Several talks at the Leuven meeting invoked parallelism (or convergence): spiders in Hawaii, spiders in Galapagos, beetles in salt marshes, stickleback in freshwater, and many others. In most cases, however, examination of the data made clear that although all evolution generally occurred in roughly similar directions, the independent populations colonizing similar environments were never the same either morphologically or genetically. That is, they might share some phenotypic or genetic similarity but the differences among different populations in similar habitats were often, to my eye, as striking as the similarities. A couple of talks near the end of the meeting brought this to the idea to the front of my brain and thus precipitated this post. First, Joop Ouborg showed that the genetic basis for inbreeding depression was almost entirely non-overlapping between different plant species. Second, Freddy Chain showed that lake-stream stickleback divergence in five independent watersheds was almost entirely non-parallel at the genetic level. In short, the fact that evolution is generally non-parallel (or non-convergent) is remarkably parallel (or convergent).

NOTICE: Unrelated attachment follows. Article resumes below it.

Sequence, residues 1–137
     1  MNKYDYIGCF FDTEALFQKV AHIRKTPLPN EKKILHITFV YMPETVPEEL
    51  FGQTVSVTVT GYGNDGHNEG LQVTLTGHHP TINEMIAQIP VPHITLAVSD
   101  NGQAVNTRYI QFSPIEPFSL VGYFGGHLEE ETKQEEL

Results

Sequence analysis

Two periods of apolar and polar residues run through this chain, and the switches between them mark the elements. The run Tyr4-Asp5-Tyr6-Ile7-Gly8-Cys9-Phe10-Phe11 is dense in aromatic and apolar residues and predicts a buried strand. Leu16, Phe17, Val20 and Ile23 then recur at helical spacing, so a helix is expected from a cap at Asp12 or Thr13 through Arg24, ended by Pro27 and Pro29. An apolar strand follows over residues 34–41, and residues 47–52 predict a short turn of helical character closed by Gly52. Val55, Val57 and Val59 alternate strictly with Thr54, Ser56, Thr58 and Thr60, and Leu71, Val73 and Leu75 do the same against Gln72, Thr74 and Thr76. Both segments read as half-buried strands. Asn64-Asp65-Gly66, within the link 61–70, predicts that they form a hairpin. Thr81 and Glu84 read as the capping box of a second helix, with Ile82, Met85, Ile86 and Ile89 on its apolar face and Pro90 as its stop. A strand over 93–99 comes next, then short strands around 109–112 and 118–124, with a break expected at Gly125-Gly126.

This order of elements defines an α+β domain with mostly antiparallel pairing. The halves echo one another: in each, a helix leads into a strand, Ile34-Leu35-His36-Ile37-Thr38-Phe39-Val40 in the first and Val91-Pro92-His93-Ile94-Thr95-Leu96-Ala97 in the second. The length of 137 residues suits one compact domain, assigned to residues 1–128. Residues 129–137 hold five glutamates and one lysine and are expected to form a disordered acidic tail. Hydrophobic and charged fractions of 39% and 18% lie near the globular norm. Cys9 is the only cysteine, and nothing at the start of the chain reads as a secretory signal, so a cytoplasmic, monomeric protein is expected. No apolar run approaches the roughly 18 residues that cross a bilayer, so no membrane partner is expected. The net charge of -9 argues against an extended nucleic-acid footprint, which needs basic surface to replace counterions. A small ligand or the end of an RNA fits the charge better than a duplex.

Of course, these are just my interpretations and I have to confess that I have been wrong before – even quite recently. Take grappa, for instance; that crazy Italian drink made by fermenting the leftovers from the pressing of grapes to make wine. Distinctively musty, this drink is quintessentially Italian and is wonderful when drunk for the first time late at night in downtown Napoli surrounded by locals cheering their football team against Barcelona. Or is grappa really that good? Maybe I just liked it because of the context and novelty. Indeed, subsequent consumptions of grappa have further separated the drink from the context and somewhat decreased my enthusiasm. Well, I told the above sad tale at dinner to Nelson Hairson, Luc De Meester, and Isabelle Olivieri right after Nelson ordered grappa. Bah, says Nelson, grappa is good even outside of the context. Ok, then, I challenged him, name three mainstream drinks worse than grappa. And then Isabelle had a brilliant idea – Nelson should pick one drink on the menu that was worse that grappa. That will get him, I figured. So Nelson takes a careful academic look at the menu and pronounces that “Spiriteux de poivre” would be worse. So we ordered this drink and passed it around the other end of the table, where they had not heard our argument and didn’t know what the drinks were: a single-blind experiment if you will. And the verdict: grappa was not very good – but Spiriteux de poivre was infinitely worse.